Dr Blenman used an all-in-one system from TissueGnostics. High-magnification images were acquired with the TissueFAXS Quantitative Imaging System for downstream analysis integrated with advanced image processing software (TissueGnostics StrataQuest) that reconstructs whole images in silico and performs cell phenotyping and tissue cytometry.
The software first uses and algorithm to stitch the tiled images together to recreate the whole image. It then creates a composite image that includes all the biomarkers from each staining round. Following this, cell isolation is performed using two algorithms: one to identify the cell nucleus and a second which identifies the biomarker for the cell phenotype. Quantification was then achieved by assessing in turn which cells were positive for each biomarker, using a backgating algorithm to determine cutoffs at which cells or cell clusters should or should not be included.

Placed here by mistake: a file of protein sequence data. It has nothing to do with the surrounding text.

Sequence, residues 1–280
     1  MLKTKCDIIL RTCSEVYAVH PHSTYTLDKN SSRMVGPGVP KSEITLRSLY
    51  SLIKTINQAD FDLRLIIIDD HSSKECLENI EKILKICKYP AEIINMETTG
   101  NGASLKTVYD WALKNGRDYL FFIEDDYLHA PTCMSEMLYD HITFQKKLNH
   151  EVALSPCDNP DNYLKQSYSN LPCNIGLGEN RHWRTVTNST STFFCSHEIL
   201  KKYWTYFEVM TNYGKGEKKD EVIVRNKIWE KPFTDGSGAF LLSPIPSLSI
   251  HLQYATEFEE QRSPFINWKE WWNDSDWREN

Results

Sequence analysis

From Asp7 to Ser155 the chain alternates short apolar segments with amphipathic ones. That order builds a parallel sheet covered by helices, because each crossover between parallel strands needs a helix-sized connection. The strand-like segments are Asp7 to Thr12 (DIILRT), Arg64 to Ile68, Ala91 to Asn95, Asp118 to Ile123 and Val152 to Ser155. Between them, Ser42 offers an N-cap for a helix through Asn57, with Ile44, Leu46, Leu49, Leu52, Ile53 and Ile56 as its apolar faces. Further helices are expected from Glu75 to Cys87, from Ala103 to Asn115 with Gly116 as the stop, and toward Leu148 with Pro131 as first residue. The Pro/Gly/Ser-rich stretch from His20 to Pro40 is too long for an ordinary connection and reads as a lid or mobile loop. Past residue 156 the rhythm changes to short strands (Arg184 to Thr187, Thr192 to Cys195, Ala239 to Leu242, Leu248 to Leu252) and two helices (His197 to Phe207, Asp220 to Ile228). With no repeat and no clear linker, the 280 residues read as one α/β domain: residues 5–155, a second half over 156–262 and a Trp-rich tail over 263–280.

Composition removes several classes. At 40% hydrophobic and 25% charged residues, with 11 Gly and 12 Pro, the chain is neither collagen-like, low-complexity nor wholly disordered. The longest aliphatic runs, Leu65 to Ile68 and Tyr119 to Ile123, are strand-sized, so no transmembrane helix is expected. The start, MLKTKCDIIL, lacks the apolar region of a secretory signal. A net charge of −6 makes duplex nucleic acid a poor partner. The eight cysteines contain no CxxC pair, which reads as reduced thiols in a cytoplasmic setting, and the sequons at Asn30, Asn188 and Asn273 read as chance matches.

Using this method on the spleen tissue samples, Dr Blenman was able to show that it can obtain multiple biomarkers at one time in situ.
With this information, they were able to phenotypically characterize cells within the tissue sample and assign them to categories based on the combination of biomarkers expressed by individual and clusters of cells. Through this, they showed that levels of CD4 expression within cell clusters correlated with distinct patterns of biomarker expression and cell proliferation.
Visualizing the future
The immune system is incredibly complex and being restricted to profiling only four biomarkers per cell type has been a limiting factor. One advantage of the system used by the authors is that it harnesses a microscopy set up that is already present in most laboratories, making it highly accessible. And, while the authors chose to study six biomarkers, there is theoretically no limit to the number of biomarkers that can be studied at one time.